The Dawn of 400G

Created January 8, 2020
Guest Blog

The beginning of a new year may bring with it resolutions to live a healthier lifestyle, to spend more time with family or to take up a new hobby. For our industry, the resolution may be that 2020 is the year that 400G moves out of the lab and into mass production!

ProLabs has been tracking trends in 400G to understand how transceiver technology will impact our customers. The development of 400G has followed a similar path of 100G adoption. The adoption of the QSFP28 form factor drove the adoption of 100G by offering high density and lower power consumption in comparison to other technologies on the market. Early name brand and white box OEM entrants are deploying the QSFP56-DD (or QSFP-DD) form factor in first generation switch models. In addition to the common QSFP transceiver footprint, the QSFP-DD also exhibits a relatively lower power consumption in comparison to other 400G transceiver technologies.

The OSFP and CFP8 form factors will not necessarily go the way of the HD DVD, but will likely remain a complementary part of the 400G equation to meet applications not supported by QSFP-DD. As is the case with QSFP8 form factor, the QSFP-DD form factor has physical space constraints that limit internal components for longer links or coherent optics operations.

400G transceiver standards have developed to meet link distances and architecture demands of today’s high-performance networks.  The first standards widely deployed will take advantage of PAM4 modulation to leverage existing network architectures.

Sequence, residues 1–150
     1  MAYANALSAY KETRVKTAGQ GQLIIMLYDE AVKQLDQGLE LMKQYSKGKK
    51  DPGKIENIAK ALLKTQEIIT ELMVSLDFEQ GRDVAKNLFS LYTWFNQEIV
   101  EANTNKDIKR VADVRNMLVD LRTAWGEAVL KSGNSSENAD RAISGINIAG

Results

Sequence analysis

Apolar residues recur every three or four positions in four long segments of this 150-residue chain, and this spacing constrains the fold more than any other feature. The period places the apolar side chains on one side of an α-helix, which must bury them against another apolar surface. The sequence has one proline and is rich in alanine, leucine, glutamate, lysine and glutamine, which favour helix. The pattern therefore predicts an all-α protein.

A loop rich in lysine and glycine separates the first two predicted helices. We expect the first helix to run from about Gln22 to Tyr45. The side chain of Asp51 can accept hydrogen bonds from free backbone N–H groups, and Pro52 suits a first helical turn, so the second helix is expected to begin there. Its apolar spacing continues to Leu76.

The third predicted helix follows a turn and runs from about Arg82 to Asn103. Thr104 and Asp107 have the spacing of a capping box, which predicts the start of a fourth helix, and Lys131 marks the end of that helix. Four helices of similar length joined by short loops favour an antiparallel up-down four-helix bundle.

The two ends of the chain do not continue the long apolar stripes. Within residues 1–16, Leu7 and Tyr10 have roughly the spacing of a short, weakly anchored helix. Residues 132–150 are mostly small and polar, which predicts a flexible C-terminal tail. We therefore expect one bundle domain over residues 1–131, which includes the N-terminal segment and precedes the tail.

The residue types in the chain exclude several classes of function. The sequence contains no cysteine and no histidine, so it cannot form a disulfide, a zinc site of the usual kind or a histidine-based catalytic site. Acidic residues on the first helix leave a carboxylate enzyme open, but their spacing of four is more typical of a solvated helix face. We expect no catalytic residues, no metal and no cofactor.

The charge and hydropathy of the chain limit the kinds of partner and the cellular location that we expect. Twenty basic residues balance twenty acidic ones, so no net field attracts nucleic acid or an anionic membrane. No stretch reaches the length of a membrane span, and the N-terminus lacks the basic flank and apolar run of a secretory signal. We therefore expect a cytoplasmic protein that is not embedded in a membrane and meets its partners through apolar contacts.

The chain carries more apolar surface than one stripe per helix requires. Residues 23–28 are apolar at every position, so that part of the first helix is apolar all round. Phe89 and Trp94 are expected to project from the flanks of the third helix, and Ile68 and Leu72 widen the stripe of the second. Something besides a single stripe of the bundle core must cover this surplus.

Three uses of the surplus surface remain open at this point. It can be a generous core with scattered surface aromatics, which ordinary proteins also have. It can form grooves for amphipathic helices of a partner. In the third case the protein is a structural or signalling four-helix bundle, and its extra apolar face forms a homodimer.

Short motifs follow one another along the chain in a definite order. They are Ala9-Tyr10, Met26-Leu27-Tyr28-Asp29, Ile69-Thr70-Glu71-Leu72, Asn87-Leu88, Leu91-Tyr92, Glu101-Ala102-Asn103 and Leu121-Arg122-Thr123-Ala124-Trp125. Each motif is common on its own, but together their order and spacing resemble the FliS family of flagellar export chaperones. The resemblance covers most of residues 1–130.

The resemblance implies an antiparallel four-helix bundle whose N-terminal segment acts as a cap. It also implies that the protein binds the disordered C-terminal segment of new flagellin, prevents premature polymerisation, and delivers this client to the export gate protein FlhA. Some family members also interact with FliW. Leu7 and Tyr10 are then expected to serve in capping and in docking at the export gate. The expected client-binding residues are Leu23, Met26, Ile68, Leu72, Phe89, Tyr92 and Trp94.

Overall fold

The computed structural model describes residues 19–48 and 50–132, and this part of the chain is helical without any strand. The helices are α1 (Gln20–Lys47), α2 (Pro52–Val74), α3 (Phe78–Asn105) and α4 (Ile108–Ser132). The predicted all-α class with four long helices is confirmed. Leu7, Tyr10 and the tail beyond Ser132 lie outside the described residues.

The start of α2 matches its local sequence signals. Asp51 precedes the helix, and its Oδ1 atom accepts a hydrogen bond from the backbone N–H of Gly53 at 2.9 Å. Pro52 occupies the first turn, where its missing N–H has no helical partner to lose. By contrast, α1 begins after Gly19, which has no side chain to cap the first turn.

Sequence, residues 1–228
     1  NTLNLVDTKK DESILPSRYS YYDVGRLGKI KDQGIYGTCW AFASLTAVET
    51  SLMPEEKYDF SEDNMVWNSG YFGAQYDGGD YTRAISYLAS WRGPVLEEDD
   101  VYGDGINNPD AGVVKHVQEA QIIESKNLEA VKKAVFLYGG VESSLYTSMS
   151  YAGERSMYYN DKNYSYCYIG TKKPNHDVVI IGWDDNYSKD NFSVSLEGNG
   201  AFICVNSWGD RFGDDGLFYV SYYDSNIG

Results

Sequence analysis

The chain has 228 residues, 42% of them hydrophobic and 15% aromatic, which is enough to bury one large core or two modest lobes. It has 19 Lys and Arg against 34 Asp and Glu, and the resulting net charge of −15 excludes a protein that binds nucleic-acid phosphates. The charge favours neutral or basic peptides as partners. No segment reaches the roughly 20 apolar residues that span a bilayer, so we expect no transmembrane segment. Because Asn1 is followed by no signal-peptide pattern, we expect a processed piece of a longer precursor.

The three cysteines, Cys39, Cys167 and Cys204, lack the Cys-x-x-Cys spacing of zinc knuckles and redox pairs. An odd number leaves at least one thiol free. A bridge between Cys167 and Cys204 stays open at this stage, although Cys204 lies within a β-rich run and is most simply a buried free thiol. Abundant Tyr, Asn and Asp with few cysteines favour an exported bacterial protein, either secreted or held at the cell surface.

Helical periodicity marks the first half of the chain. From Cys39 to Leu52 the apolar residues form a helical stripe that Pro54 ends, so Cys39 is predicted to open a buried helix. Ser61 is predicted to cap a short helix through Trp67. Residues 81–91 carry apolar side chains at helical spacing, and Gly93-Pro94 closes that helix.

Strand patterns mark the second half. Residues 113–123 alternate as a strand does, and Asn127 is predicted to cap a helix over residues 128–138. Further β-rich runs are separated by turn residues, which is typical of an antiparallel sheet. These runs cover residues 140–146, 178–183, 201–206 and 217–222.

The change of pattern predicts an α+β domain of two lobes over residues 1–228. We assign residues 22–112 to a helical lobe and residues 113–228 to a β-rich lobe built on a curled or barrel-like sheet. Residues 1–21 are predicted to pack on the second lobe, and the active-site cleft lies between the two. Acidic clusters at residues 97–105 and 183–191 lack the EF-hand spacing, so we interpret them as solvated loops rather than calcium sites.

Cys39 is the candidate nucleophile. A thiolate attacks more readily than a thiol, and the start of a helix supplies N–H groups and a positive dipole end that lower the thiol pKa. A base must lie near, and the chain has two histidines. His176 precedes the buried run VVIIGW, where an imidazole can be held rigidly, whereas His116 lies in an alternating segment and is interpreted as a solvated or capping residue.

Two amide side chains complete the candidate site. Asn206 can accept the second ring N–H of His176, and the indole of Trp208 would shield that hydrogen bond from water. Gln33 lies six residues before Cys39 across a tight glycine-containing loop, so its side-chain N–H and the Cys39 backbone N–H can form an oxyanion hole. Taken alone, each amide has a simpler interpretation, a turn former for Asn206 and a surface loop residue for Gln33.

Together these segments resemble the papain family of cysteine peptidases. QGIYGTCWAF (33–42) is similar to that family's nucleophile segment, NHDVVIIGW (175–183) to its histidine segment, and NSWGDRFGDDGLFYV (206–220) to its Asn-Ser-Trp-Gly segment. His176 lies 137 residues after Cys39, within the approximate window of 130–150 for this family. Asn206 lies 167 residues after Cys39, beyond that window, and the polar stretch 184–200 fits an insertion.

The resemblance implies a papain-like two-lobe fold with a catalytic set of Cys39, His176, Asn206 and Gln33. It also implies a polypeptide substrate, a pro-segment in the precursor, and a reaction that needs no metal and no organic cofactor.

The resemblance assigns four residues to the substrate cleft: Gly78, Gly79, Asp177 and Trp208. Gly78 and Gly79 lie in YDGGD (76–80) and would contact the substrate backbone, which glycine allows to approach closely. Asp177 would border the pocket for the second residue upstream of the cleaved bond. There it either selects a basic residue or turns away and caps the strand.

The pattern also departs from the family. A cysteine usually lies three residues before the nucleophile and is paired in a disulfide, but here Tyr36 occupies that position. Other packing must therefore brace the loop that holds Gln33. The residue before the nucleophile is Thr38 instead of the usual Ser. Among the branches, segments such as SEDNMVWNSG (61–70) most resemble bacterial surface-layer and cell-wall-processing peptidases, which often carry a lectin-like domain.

Link Distance 400G Transceiver/Cable Types
≤ 3 meter (Top of Rack)Direct Attached Cables (DAC)
Active Optical Cables (AOC)
SR8 (Short Reach) Transceivers
≤ 20 meter (Leaf or End of Row)Active Optical Cables (AOC)
SR8 (Short Reach) Transceivers
≤ 500 meter (Spine)DR4
≤ 1000 meter (Core)FR4
≥ 1KMLR4

Additional 400G transceiver standards are in development that will offer more options for data center interconnect and to aggregate 100G and 200G into 400G core networks.

400G is here: ProLabs’ resolution is to help network operators understand this new technology and the implications 400G upgrades have on the network.

By Ray Hagen, Americas Product Manager at ProLabs


This article was written
by Ray Hagen

Ray Hagen is the Americas Product Manager at ProLabs and is responsible for leading the US product portfolio and bringing new products to market. He is one of the ProLabs technology and solutions experts and leads on understanding technology and manufacturing capabilities as well as creating marketing content for ProLabs, trade media, and direct to customer channels. He is available to speak on 5G, 100G, data centres, and the benefits of compatible solutions. After graduating from Saint Mary’s University of Minnesota with a masters degree in telecommunications, Ray has gained nearly 20 years’ of experience in the telecommunications, managed hosting & colocation, and high technology industries. After working in a variety of manager and account roles for 10 years at ADC, Ray became product Manager at VISI in 2008, executing business plans and developing sales support processes. He joined ProLabs in November 2015 and has gained a strong background in new product development and product application support.